On an explanation of the circumstances of the case, the captain of the vessel readily agreed to give the rescued girl a passage home, and it being discovered that the [-216-] harpy was really taking steps to have George arrested, it was further arranged that the latter should change berths with the third officer of the ship. On their arrival in London the young seaman placed the girl with his mother, who was well stricken in years, and pleased to have the society and help of one who soon became to her as a daughter. That a young couple who had become acquainted under such circumstances as these should fall in love with each other was pretty much a matter of course, and a year later, George having been made second officer of the E------ , they were married.
They set up their home in one of the better streets of my district, and it was then that I first had knowledge of them. A handsomer or happier young couple it would have been hard to find, or a daintier little housewife than the young bride, or a prettier little home of its kind than hers. But their happiness was, alas, destined to be but of short duration. Six months after George had joined the vessel, the E------ was reported overdue at the foreign port to which she hind been outward bound. Then came the stock paragraph in the shipping intelligence that grave fears were entertained for her safety. Later her name was added to the list of missing vessels, and finally it was written off lost.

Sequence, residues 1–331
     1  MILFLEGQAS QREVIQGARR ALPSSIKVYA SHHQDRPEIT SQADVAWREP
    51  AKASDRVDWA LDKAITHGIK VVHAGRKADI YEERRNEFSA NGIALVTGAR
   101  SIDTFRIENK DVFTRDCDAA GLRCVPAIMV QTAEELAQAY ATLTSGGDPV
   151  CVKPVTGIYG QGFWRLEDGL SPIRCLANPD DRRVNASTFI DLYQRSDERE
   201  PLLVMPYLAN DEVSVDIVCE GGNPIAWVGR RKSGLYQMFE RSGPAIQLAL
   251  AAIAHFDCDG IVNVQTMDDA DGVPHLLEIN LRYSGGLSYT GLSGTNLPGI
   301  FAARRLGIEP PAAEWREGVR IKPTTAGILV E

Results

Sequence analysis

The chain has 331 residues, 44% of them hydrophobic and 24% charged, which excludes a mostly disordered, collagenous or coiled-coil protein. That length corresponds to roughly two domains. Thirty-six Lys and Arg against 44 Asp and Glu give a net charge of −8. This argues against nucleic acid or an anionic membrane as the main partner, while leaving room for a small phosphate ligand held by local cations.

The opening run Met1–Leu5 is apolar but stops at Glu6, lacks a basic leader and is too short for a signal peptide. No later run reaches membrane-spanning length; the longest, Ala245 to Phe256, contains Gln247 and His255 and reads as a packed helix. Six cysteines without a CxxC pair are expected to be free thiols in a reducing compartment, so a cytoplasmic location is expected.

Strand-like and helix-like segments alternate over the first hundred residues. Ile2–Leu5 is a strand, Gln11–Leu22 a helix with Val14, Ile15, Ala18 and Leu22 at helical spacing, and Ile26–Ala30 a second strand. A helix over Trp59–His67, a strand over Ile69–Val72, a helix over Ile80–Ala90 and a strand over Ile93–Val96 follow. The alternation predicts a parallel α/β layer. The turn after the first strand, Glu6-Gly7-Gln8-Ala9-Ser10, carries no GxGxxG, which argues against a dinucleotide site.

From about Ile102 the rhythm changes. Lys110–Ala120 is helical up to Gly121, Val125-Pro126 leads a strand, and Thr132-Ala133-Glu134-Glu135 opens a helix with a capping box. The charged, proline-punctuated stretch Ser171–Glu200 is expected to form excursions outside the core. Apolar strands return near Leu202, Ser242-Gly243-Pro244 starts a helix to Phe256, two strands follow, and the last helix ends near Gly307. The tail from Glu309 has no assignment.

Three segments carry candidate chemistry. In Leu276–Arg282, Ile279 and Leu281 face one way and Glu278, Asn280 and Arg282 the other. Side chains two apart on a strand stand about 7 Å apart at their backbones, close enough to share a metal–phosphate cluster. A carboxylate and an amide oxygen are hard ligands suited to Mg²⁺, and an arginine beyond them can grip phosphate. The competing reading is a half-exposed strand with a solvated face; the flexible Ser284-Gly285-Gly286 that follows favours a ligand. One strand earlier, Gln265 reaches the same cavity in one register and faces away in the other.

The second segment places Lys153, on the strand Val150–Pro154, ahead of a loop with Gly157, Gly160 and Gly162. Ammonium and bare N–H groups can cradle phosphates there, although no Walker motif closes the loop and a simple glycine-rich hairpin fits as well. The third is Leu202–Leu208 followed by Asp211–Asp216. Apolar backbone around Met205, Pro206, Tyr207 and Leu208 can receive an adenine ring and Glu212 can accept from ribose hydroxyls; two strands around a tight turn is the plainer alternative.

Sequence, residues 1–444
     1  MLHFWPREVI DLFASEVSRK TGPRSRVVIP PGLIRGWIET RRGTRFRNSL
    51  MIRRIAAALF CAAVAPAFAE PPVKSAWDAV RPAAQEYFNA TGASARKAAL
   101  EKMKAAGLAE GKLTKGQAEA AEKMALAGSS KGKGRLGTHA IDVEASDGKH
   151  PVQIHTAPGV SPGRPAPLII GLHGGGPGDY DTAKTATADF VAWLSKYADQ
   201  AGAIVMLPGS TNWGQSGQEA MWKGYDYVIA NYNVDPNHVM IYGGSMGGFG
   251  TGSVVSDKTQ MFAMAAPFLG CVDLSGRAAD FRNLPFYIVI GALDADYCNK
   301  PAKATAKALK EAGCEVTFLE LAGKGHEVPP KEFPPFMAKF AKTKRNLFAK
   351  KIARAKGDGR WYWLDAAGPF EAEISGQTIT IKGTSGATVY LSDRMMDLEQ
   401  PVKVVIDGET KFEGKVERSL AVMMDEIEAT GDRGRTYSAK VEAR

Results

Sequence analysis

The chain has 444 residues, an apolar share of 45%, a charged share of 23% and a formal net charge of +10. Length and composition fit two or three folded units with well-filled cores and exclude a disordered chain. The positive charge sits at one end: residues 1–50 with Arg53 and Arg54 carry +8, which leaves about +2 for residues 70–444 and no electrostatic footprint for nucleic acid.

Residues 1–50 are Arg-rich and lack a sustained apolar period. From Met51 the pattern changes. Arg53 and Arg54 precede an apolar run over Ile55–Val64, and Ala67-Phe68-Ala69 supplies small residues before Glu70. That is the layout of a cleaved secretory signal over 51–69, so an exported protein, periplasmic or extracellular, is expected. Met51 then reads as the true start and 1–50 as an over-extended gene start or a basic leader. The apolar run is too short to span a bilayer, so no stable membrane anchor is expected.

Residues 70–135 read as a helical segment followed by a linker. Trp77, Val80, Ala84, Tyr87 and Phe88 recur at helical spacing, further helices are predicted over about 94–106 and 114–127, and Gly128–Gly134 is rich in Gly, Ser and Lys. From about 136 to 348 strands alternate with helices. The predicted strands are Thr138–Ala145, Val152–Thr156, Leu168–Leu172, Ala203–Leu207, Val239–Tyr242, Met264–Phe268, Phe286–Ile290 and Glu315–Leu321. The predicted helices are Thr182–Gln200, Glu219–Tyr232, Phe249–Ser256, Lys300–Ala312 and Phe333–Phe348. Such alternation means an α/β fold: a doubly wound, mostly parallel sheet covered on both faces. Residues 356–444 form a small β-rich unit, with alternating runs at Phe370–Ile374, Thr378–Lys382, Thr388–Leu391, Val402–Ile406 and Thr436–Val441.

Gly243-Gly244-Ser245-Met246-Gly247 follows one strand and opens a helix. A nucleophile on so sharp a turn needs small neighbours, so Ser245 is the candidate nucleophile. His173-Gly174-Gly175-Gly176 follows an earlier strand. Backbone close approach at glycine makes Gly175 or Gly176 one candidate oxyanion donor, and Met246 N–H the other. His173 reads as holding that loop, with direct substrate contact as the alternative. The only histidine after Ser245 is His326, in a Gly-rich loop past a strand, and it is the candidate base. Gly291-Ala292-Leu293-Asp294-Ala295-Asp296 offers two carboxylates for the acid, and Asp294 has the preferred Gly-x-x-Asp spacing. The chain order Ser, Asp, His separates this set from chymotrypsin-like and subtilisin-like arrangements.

The relatives of a number of the crew of the ill-fated ship lived in my district, and for them this period of suspense was indeed a trying time, - a time of the sickness of heart that comes of hope deferred, of alternating hopes and fears, and of never-ceasing anxiety, and to none was it a time of greater grief and care than to the young wife of the second officer. When at last she was told as gently as [-217-] might be that she must abandon all hope of ever seeing her husband again in this world, that his ship had probably been "poop'd" in the storm that had been raging in the Bay of Biscay at the time she would be there, and had gone down with every soul on board, her health quite broke down. For a month she was laid upon a sickbed, and even when she got about again she was for a further period too weak and sorrow-stricken to be capable of any considerable exertion.